Buildup of Emotions and Lack of Communication: A Perfect Day for Bananafish by J.D. Sallinger

1322 Words6 Pages
The human mind, only able to withstand so much pressure before losing control, is like a volcano. The harsh truths that accumulate throughout the course of one’s life can lead to devastation, the eruption of the mind’s volcano. American twentieth century author, J.D. Salinger, illustrates the devastating consequences caused by a buildup of emotions and a lack of communication in his short story, “A Perfect Day for Bananafish.” Salinger “has become, in biographer Ian Hamilton's phrase, ‘famous for not wanting to be famous’ ” (Stevick). In this short story, Salinger details the interactions of the main character, Seymour Glass, with Sybil Carpenter, a young girl. Through these interactions, Salinger provides the reader with a glimpse into…show more content…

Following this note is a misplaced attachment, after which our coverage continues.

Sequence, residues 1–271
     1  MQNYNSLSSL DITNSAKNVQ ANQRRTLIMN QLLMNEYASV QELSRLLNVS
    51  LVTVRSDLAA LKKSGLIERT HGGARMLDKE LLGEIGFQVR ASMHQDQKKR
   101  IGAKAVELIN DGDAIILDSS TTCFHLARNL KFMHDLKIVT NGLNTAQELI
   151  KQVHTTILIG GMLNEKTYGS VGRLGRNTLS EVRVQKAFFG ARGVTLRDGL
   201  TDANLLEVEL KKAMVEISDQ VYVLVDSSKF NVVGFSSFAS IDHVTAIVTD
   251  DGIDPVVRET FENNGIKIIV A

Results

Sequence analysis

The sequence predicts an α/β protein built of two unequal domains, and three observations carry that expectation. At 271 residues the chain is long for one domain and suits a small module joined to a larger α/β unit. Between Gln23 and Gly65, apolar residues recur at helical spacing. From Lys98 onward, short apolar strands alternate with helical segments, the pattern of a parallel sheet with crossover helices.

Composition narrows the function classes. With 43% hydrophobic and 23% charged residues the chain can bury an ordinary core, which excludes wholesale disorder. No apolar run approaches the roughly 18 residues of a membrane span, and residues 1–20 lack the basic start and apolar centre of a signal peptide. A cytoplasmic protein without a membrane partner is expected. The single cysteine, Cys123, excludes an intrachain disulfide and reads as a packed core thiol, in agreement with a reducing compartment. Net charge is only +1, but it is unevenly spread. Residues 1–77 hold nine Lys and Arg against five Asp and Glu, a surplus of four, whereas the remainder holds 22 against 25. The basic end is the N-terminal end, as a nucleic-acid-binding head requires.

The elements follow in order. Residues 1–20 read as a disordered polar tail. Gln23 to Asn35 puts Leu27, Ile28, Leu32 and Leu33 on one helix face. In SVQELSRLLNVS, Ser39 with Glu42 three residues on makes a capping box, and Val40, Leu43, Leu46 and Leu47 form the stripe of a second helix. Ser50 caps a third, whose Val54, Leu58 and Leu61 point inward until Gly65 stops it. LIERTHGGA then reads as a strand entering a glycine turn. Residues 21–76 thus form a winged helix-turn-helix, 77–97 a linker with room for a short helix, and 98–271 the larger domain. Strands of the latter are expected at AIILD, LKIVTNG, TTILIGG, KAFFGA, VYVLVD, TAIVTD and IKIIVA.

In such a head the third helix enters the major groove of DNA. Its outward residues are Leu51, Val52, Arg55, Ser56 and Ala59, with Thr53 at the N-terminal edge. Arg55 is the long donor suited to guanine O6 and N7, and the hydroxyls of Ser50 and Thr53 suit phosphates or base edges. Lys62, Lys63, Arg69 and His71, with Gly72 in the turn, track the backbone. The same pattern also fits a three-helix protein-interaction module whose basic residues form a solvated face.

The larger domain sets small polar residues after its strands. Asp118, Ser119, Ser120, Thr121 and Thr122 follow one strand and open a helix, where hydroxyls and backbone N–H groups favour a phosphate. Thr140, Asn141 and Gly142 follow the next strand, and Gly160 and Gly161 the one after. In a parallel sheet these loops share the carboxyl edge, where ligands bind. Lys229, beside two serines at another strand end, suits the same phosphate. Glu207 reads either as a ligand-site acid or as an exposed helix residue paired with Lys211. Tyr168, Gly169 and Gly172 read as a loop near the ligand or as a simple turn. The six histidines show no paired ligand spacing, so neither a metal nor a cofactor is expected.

However, Muriel fails to truly understand her husband’s motives, perhaps playing a role in his demise. Seymour seeks shelter, for his “war experiences have left him so badly shaken that he searches for some form of purity in what he sees as a dangerous and corrupt world” (“Overview: ‘A Perfect Day for Bananafish.’ ”). Unbeknown to the individuals surrounding him, Seymour yearns for refuge from the painful truths of society. By using the sun as a symbol for materialism, Salinger highlights the detriments of being immersed in a materialistic world with nowhere to turn. Salinger also uses the bananafish as a symbol for Seymour’s internal emotional struggle to suggest the harsh consequences resulting from a buildup of emotions. The story of the bananafish, which Seymour communicates to Sybil, shares a striking resemblance to Seymour’s emotional and social situation. The bananafish ultimately succumbs to a death resulting from eating too many bananas and therefore being too large to escape the banana hole. Seymour tells Sybil, “Naturally, after that they're so fat they can't get out of the hole again. Can't fit through the door” (Salinger 8). Similarly, Seymour, overwhelmed by the jarring reality of life and plagued by feelings of wretched dejection and isolation, becomes unable to escape his situation. Salinger’s use of symbolism is important because, as Fassano writes, “If he [Seymour] represents the bananafish, then his case of banana fever must be caused by the

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